Restrict push access to GitHub public repository

Hi!

I’m quite a beginner to version controlling and also to GitHub. So, if it’s an easy question, or this has already been asked and I just failed to find it, please provide me the link to the official documentation.

I created my personal account on GitHub, and a few public repositories on GitHub. Then I uploaded some files, and even made a few changes to them and committed, all via GUI. There was no problem so far.

Then, I cloned my repository on my office laptop. I made some changes and committed. Then I was able to push those changes to my remote master branch directly, and I was not asked to authenticate, not even once.

Just to be explicit, GitHub recognises that it’s not been done by me. In commit history, I can see my old commits made via GUI are marked as verified, and the new commits are not. They are associated to that user name (different from my GitHub user name) which was configured in my global git configurations in my office laptop, but I do not find any reference to the user email (again different from the email address associated with my Github account), which was also configured globally.

Is this supposed to happen? Does anyone have write access to all the public repositories? I never changed any of the default settings, so I thought by default it should accept changes to be pushed if it’s only by me. Is that a wrong and/or unjustifiable assumption?

Thanks.

Is it possible that you used the office laptop with your GitHub account before, and still have credentials available? E.g. if you used SSH and the key is registered on your account you wouldn’t be asked to authenticate again, same if you have a valid token (or password) cached on the laptop. Being able to push without authentication is definitely not expected.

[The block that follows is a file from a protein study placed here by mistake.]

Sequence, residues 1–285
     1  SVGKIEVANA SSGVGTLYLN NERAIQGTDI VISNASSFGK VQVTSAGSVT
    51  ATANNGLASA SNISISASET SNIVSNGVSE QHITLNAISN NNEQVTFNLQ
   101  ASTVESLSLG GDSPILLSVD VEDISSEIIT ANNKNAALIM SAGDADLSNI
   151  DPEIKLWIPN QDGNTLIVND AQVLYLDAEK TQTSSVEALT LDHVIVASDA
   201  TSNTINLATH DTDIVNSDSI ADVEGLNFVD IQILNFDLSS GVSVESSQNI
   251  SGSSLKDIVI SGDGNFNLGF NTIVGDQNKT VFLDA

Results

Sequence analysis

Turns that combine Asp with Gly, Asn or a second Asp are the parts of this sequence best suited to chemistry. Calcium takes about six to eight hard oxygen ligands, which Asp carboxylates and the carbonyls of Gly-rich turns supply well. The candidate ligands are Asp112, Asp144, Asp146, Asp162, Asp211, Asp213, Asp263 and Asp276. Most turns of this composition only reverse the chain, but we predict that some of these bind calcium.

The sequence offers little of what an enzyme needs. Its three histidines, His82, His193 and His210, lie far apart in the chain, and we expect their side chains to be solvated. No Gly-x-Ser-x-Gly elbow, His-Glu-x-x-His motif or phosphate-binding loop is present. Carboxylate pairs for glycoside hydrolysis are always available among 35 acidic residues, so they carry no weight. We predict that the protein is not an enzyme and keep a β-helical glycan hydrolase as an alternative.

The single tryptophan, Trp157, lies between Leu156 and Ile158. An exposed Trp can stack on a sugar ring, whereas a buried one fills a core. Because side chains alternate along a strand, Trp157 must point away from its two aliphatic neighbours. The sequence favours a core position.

That’s not an issue, there are many scenarios where you’re expected to push commits not made by you, e.g. if you merge commits made by someone else locally and then push the merged branch to your repository.

I do not think so. Still, to be sure, I checked ~/.gitconfig and ~/.ssh/known_hosts. As far as I can tell, SSH one contained info regarding to office work only, and the global configurations just have my name and official email address.

I created a new public repository, and able to commit and push from laptop once again, and without any authentication. I checked the local configs as well via git config --list, and found nothing related to any authentication.

Is there any other way I can check? I am on Mac 10.15.5, if that matters.

First thing to check would be if the push URL for your repository (git remote show origin) is using SSH or HTTPS, because that tells you which kind of credentials to look for.

If SSH: Check if any of the keys registered in your GitHub account (Settings > SSH and GPG keys) matches any of your identity files (~/.ssh/id_*.pub, assuming OpenSSH and the same paths as on Linux). If so, login is expected to work without configuration in git.

If HTTPS: I haven’t used this from the command line so this is going to be vague, but you’d be looking for a cached password or access token. While looking up other stuff earlier I noticed that on Mac git can use the system keychain, so maybe it’s that?

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Clearing GitHub account from the keychain did the job. I verified by trying to push another commit. Thanks :slight_smile:

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